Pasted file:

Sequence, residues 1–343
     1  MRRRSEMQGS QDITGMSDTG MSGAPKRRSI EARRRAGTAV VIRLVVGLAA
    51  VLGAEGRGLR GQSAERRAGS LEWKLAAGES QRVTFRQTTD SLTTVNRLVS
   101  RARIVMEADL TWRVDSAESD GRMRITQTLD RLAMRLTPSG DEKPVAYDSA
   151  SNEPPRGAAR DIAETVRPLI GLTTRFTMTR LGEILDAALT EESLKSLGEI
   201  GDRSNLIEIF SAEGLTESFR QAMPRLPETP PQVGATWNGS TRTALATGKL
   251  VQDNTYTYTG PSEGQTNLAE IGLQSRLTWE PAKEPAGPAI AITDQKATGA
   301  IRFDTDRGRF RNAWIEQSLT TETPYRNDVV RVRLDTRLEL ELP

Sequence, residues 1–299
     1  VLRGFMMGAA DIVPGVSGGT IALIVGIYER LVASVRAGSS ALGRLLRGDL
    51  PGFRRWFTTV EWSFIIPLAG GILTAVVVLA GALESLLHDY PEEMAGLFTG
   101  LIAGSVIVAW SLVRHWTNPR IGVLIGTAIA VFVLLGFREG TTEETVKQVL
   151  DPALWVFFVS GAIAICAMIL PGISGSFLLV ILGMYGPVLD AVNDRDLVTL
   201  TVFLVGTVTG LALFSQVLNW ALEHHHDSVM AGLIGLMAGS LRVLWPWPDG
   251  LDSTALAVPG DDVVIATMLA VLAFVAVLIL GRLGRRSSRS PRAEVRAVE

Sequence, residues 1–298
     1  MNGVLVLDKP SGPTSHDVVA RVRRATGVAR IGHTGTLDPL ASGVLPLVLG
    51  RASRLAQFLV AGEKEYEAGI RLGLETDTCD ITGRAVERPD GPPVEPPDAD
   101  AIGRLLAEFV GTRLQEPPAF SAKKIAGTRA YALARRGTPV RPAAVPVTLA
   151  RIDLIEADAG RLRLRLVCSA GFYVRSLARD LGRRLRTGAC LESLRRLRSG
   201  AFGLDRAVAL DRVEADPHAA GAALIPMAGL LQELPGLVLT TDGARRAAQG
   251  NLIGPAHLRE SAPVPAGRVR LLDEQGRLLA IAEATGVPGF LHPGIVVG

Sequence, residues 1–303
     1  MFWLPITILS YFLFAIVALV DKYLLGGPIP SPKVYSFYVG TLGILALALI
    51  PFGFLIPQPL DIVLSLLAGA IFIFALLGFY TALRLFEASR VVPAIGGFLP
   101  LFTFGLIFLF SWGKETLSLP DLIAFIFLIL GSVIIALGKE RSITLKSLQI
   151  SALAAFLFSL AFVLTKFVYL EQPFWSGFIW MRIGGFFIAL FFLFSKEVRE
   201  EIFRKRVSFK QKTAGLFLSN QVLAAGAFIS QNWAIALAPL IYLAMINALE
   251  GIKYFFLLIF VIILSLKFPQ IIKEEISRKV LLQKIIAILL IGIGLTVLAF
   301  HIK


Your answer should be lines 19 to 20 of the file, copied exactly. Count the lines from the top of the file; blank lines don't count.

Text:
   101  AIGRLLAEFV GTRLQEPPAF SAKKIAGTRA YALARRGTPV RPAAVPVTLA
   151  RIDLIEADAG RLRLRLVCSA GFYVRSLARD LGRRLRTGAC LESLRRLRSG